was 2-years-old when I was first called a faggot. My mom, still a teenager at the time, watched me cry as I picked myself up. When she tried to help me, my dad yelled at her and told her not to or I’ll end up a joto (Mexican Spanish for faggot). I was 11-years-old when I first understood that people were calling me a faggot at school. Though I had never heard of a gay person, I quickly figured out that it was something to be avoided at all costs. When I was 13, a student in my English class called me a maricón. I finally said: “So what if I am?”
I remember having crushes on other boys as early as elementary school, but I figured out enough of the world to know to keep it to myself. Through middle school, I was teased for being gay. I never thought I could be because, quite frankly, I didn’t know what it meant. When I finally accepted that I was a maricón at 13, I acknowledged something that had been so intimate and uniquely me my whole life: I was different and I was alone. My isolation fed my shame. I thought no one could ever understand who I was. How could I have revealed the thoughts that were eating me away when I was convinced my existence was an accident?
As soon I stopped denying my queerness, I tried to learn all I could about what it meant. Coming from a predominately Latinx city and Latinx high school, learning about gay people transported me to my first predominately white cultural sphere. I first understood my homosexuality from porn. My sexuality consequently developed out of a medium that worshipped smooth, muscled white men. When I searched for images of myself, I only found images of hypermasculine and mostly hairless Latino men. Alongside these images of gay men, my hairy, fat brown body felt foreign. Again, I was alone and I was thirsty to see myself.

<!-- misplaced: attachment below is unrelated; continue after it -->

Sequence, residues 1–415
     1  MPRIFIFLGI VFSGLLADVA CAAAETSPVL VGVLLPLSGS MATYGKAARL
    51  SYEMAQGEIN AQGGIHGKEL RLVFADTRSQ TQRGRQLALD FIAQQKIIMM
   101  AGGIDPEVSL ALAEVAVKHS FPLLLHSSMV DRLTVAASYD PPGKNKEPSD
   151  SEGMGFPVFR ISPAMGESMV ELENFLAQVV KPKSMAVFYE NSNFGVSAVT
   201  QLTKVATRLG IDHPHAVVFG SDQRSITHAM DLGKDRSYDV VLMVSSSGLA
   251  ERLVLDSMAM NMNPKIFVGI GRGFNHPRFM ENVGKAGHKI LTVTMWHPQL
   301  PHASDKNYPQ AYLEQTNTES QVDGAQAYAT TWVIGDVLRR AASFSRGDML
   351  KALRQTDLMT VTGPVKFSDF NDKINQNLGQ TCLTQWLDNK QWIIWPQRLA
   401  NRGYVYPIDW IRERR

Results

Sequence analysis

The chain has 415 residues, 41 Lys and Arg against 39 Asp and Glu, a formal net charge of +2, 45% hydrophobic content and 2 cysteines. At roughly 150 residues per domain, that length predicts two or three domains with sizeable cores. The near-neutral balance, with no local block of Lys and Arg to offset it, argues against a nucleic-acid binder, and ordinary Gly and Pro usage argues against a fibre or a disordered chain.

I met my first boyfriend when I was 16-years-old: a Mexican boy who had just moved from Riverside. He was thin and hairless and lighter than me. We dated for 7 months. We walked around school holding hands. Every day people would yell at us, threaten us, and sometimes spit at us. We were alone, but together. Even though we regularly hooked up, he never saw me naked. His body wasn’t foreign like mine. I never thought he could be attracted to me if he saw the real me. I didn’t know I was allowed to be vulnerable. I never told him about the hole in my chest that kept me up at night. My sadness continued to chip away at my core.
My isolation was not an accident. The constant fragmenting of my humanity into oppressed categories of race, skin color, gender, and sexuality made it almost impossible for me to exist as a whole human. Stereotypes of gay men and antithetical stereotypes of Latino men have made me unintelligible to a world that ignores and silences the struggles of my communities. Internalizing society's fear and abhorrence towards gayness and Latinidad, I learned how to hate myself. The shame I internalized because of my isolation made it difficult for me to relate to other people. Without models of gay brown men being vulnerable — let alone existing — I was convinced that the only company I would ever really have was the emptiness inside me. I accepted this truth very early on in my life, and for much of my life it defined me.
We’re taught that before we can be in a relationship, we must first learn to love ourselves. But this is a nearly impossible task because for many of us, particularly queer people of color, loving ourselves is a lifelong journey. This journey to self-love is never linear. It can change every day, and some years are better than others. At what point do we become loveable: able to love and able to be loved? Are we loveable more days than others?
I was 19 when I first felt seen by someone. I shared the shame that had been crushing me since I was a boy. The weight of hundreds of hopeless nights immediately lifted as I delved deeper and deeper into my soul and for once, I wasn’t afraid. When I shared the depths of my fears with someone, I finally felt I could be loved and for the first time in my life, I was whole. When we broke up, I thought I would never be complete again. I eventually learned that my loveability came from this raw openness; and like love, my vulnerability could not expire.
Brown boys aren’t taught how to be open, communicative, or honest about our sadness. The resulting isolation is slowly killing us. My emptiness became such a significant part of me that it made me believe it was all I would ever have. Learning to love yourself is a lifelong journey that often feels impossible, but by bridging the fragmented parts of ourselves, our vulnerability will allow us to build a world where we can love and be loved.